1) In regards to salaah times, we have the different twighlights leading upto sunrise. When I travel to countries such as back home in Iraq or visiting Middle East, the fajr adhaan is in accordance to the astronomical twighlight (18 degrees). I know the ruling of fajr time with the whiteness in the sky, but being on the U.K. it’s simply not visually practical. Is it the same 18 degrees we can use globally?

2) According to Sayyid Sistani, he states in countries where the sun doesn’t enter complete night (below 18 degrees) that we take fajr from where the sun stops moving down and moves back up towards the horizon. To be very specific – mainly for fasting, at which point do we take? (Using apps that give us the degrees as to where the sun is)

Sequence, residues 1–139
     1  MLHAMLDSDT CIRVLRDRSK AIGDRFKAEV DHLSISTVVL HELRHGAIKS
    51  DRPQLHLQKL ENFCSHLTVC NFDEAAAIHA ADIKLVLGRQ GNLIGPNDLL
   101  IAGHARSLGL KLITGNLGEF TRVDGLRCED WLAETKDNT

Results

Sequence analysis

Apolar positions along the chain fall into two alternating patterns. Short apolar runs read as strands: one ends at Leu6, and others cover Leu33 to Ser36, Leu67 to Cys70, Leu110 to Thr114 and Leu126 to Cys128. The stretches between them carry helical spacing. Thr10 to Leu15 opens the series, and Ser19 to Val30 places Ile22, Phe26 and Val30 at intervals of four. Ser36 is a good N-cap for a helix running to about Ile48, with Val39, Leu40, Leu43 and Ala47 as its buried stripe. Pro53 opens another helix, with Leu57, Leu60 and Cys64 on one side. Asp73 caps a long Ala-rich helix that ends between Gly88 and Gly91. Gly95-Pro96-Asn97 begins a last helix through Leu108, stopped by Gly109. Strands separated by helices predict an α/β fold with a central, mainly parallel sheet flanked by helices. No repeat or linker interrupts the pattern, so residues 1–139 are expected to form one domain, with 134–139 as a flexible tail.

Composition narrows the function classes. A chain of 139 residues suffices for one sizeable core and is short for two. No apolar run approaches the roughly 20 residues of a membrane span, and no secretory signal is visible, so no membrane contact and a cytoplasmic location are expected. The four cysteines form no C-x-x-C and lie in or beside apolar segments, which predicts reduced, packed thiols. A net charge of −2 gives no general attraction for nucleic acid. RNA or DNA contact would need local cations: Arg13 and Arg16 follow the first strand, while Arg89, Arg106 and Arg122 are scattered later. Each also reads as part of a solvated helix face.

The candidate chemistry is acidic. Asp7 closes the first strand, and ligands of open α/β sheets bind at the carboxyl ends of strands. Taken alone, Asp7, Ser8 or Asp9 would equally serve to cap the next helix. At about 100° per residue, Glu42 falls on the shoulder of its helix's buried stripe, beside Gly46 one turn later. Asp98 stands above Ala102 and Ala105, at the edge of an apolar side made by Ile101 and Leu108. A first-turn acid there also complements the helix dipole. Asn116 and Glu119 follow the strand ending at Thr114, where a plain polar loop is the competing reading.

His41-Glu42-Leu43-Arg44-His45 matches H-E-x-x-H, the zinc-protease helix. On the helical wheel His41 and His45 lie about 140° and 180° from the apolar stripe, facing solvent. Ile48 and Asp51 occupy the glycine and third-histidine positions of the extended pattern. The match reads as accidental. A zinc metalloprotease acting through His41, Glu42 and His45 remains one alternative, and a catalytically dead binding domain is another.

1) The astronomical twilight is pretty close to actual Fajr, but it can be off several minutes (sometimes more than 10 minutes). Once I checked it in Iran and on average it was about 5-7 minutes earlier than the official Adhan there.

Islamically, the time of Fajr must be discernible by the naked eye. If in the UK astronomical twilight is discernible (by going to a nearby area that has less light to verify), then yes that would qualify as Fajr. Otherwise, as a precaution, you’d have to wait until you are certain Fajr set in.
So if you can check in surrounding areas that are darker that would be great. Otherwise you’d have to wait a little longer to be sure 100% that fajr set in.

2) According to his fatwa, if the sun does not set at all, then for prayer one has to refer to the timing of the closest location that does have a night. And for fasting, he says one must travel to another place to observe the fast, and if he cannot then travel later to do the Qadhaa.

Now if the sun does set, say for 2-3 hours, but the sky doesn’t become dark, then whenever the sky starts to brighten up that’s the beginning Fajr